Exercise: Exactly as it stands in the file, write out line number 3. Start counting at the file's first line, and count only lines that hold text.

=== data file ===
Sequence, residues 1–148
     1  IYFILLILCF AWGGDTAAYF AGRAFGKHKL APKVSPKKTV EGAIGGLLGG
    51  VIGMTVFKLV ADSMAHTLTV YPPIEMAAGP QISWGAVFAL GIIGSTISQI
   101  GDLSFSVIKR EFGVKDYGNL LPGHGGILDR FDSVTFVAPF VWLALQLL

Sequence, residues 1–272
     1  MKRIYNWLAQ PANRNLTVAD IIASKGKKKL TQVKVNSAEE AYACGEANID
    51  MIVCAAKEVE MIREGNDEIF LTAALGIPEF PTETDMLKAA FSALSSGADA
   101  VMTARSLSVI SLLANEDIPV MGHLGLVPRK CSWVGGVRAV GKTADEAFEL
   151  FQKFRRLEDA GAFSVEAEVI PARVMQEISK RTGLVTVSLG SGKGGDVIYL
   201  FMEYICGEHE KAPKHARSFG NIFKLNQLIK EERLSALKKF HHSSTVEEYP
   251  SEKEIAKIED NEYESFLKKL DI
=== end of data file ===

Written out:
    51  VIGMTVFKLV ADSMAHTLTV YPPIEMAAGP QISWGAVFAL GIIGSTISQI